- 1 What are Simple Compound and Complex Sentences?
- 2 Prerequisites to comprehend this article
- 3 Simple Sentence
- 4 Compound sentences
- 5 Complex sentences
In English language, sentences have been categorized to different types. One such category is “Types of sentences based on structure.” There are four types of sentence structures. The three commonly used types of sentence structures are: simple, compound and complex sentences.
What is a Simple sentence?
A Simple sentence is a sentence consisting of only one independent clause.
What is a Compound sentence?
A compound sentence is a sentence consisting of two independent clauses.
What is a Complex sentence?
A Complex sentence is a sentence consisting of only one independent clause and one or more dependent clauses.
Prerequisites to comprehend this article
For grasping the contents of this article about Simple Compound and Complex sentences, it’s essential that you have sufficient knowledge of the following grammatical terms:
- Linking words aka Connectives
- Coordinating conjunctions
- Correlative conjunctions
- Conjunctive adverbs
- Subordinating conjunctions
- Subordinating conjunctions of Comparison
- Subordinating conjunctions of Concession
- Subordinating conjunctions of Contrast
- Subordinating conjunctions of Manner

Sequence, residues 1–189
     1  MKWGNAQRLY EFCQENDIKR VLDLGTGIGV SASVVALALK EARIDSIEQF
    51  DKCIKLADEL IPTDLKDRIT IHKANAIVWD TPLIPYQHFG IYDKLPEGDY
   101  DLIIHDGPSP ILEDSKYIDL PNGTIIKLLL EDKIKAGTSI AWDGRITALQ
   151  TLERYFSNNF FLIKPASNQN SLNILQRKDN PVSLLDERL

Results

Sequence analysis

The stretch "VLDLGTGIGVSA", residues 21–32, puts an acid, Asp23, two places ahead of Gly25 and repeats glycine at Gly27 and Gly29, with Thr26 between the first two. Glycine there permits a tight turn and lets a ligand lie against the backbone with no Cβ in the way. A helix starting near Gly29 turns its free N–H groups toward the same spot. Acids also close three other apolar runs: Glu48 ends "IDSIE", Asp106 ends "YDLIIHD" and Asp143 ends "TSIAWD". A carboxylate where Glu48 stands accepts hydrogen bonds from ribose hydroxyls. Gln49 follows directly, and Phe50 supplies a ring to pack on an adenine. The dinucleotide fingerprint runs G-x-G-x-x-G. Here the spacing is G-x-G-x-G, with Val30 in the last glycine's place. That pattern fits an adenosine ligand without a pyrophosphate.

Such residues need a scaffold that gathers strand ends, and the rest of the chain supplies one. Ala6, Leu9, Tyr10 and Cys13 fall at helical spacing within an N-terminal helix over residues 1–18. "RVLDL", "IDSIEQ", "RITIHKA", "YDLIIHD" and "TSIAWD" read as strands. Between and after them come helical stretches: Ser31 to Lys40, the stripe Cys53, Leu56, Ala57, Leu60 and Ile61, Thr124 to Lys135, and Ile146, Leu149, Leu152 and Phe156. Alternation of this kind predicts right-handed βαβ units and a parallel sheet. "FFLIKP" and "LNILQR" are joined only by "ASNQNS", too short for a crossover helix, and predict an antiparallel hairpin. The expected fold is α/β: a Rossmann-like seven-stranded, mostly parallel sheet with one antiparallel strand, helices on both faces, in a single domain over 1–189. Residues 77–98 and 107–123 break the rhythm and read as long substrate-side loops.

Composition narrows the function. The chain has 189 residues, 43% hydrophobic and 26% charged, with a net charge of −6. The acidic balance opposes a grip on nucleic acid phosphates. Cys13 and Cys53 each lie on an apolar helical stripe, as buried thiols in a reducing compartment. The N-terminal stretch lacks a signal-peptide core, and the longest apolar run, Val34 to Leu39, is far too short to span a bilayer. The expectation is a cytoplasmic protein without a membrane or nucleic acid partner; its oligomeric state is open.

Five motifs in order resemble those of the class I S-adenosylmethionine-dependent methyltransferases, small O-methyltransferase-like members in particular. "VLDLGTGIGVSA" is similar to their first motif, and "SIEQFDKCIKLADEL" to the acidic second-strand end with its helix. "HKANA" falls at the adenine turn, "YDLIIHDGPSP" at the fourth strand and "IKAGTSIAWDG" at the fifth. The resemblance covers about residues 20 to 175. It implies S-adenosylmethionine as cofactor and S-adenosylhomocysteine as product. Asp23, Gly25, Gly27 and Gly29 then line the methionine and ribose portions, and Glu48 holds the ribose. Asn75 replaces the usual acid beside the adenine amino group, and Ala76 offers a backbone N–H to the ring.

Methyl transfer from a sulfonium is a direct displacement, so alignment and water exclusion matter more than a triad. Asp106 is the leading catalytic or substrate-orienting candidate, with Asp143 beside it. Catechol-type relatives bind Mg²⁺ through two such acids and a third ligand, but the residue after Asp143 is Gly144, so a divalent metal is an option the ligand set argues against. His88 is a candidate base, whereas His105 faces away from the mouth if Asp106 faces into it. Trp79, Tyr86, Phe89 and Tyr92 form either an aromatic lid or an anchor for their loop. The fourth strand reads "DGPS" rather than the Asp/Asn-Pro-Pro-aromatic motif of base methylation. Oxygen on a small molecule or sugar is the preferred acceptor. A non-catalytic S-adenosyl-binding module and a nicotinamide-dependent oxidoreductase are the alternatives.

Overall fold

- Subordinating conjunctions of Place
- Subordinating conjunctions of Reason
- Subordinating conjunctions of Time
- Relative pronouns
- Relative adverbs
Now, as you have a good understanding of the above terms, let us study the three sentence structures, simple compound and complex sentences, one by one:
What is a Simple Sentence?
A sentence containing only one Independent Clause and no dependent clause, is called a Simple Sentence.
A simple sentence will have the basic elements, i.e., subject, predicate, and a complete thought, that make it a sentence. A simple sentence need not be always short. It can have a compound subject, a compound predicate or both.
- Mary saw the train coming.
“Mary” = subject, “saw the train coming.” = predicate.
- Jack and Jill waited for the bus.
“Jack and Jill” = compound subject,” waited for the bus” = predicate.
- Tom and Jack sang and danced in the club.
“Tom and jack” = compound subject, “sang” and “danced” in the club. = compound predicate.
The use of too many simple sentences in an article will make it boring to read. Then we must revise some of the sentences by making them into compound or complex sentences.
What is a compound Sentence?
A compound Sentence is a sentence consisting of at least two independent clauses that have closely related ideas of similar importance.